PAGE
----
I am a member of the T&A Camera Club facebook group. Each month there is a different topic for people to submit photos to, and one photo is chosen each month by the admins as the “winner”. I have only submitted photos a couple of times but this month the topic is Changing Seasons so I have finally got round to selecting some photos of the tree on Shipley Glen and putting them together to make a single image.
Back in January 2013 I went up to some of the rocks near the tree with my camera and tripod. I took a few shots of the tree and made a note of where the tripod was and how my camera was positioned. I then went back to the same place 22 more times, on one occasion with my flashgun, to take photos of the tree. I can’t remember whether anything happened to stop me but the photos range from 13 January to 24 October. Why did I not carry on through November and December?
I have been promising to go through the images for ages but it was the T&A topic that prompted me to finally do something with them.
This is a mixture of some recent photos so the title is a bit misleading but since I have said September Butterfly Bush lets start with the butterflies.
A month or so back the media contained several reports of the number of Painted Lady butterflies, saying that this was a once in every 10 year occurrence, with higher than usual numbers of the butterflies around. Back on August 5 I posted again about More Painted Ladies. But even in September our buddleia, when the sun was on it, had good numbers. The third one in the gallery above shows a Painted Lady and a Bumble Bee looking as though they are sipping from the same flower.
Several Peacock butterflies were around at the same time and most of them had very raggedy wings.
What was noticeable, not in the same numbers as the Painted Ladies earlier in the year, but still worth a mention, were the Red Admirals.
Some of the Rd Admirals were looking very fresh.
Tortoiseshell and Small Whites were also around during September.
While taking photos of the butterflies I could also hear several Goldfinchs and Blackbirds in the Hawthorn and Elderberry. I could see the small branches moving but couldn’t see any birds until this one suddenly hopped into view. I still kept seeing birds fly into and out of the trees but once in they mostly kept hidden. On a couple of the shots above you may have noticed that the sky has been very blue.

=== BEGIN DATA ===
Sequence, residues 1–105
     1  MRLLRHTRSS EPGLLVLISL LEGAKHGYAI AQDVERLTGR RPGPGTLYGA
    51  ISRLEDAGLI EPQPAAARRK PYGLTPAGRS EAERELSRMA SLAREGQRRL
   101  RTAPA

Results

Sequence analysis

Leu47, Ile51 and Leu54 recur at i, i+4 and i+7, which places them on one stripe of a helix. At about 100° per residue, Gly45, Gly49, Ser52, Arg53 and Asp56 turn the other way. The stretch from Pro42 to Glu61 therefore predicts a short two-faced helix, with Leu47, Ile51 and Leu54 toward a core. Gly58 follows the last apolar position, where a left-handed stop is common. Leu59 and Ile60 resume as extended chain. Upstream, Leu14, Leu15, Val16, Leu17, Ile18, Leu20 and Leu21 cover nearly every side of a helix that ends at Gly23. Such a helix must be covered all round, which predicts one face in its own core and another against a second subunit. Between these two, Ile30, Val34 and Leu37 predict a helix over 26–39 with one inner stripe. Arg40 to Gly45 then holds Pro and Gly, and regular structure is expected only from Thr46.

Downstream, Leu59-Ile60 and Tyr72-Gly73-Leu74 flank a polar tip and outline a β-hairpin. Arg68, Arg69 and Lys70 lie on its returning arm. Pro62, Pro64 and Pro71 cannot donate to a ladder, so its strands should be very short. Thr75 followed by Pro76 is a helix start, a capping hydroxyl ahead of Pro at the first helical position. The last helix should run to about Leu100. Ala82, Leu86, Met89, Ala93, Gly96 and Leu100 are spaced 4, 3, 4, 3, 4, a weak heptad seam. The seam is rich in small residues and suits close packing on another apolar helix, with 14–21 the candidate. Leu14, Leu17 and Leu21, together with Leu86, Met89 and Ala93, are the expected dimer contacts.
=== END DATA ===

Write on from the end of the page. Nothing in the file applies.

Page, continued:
In the clear blue sky ‘planes flying over were showing bright with long vapour trails. The first shot above is at 600mm, the same lens I used for the Goldfinch. I have shown the image uncropped – as taken. The second image is the same photo but heavily cropped to 800 pixels wide. The reason for this is to give some scale to the next set of photos.
These were taken just a few seconds before the one of the plane and are cropped the same amount to give an idea of relative size. The object was heading North (ish) and changed shape slightly. I have rotated the images slightly so that the line is top to bottom. The Sun was to the left. I was shooting handheld and so the angle of the camera could have changed between the shots. At the time I started the SkyView app on my phone and it told me that the International Space Station was in a similar compass direction but well below the horizon. I don’t know how accurate SkyView is for things that move across the sky at the rate this was moving but I can’t think what else it could be. The data from the camera says it was taken on 21 Sept at 14:48:40 BST. Checking the camera now shows that it is running about 10 seconds slow so the correct time was 14:48:50. I wonder if it is possible to find out where ISS was at that time?
During September I went down to Denso Marston Nature Reserve a couple of times. I heard, and got glimpses of Kingfisher. A Grey Heron saw me before I saw it and was already flying away but these Goosander were a little less panicked.
I often hear Chaffinch, Robin, Wren, in the front garden and sometimes hear Goldcrest in the trees. On this particular time, when I was out near the garage, it sounded a little lower and closer than it often sounds so I went to have a look. After spotting it I went in and got my camera with macro lens fitted, I was hoping it would come nice and close. I could see it deep in the tree but it was well hidden so taking a photo was not on, but it was working its way around the tree. After waiting patiently it came around to my side and I managed to get a few shots of it. So tiny!
I have spent a bit of time recently helping out at Baildon Community Link on Cliffe Avenue, refitting cupboard doors and similar such things. On leaving one day I thought this view of the park next to it looked rather good after the grass had been cut. On the walk home I saw someone that was going a little further than I normally do to get a decent view of things. One of the problems of being surrounded by trees is that your view can be obstructed. 🙂
I remember creating the collage of Harley Tanks from the 2018 rally and sharing it on a facebook group but it looks as though I didn’t add it to my blog. So here it is, rather late I know.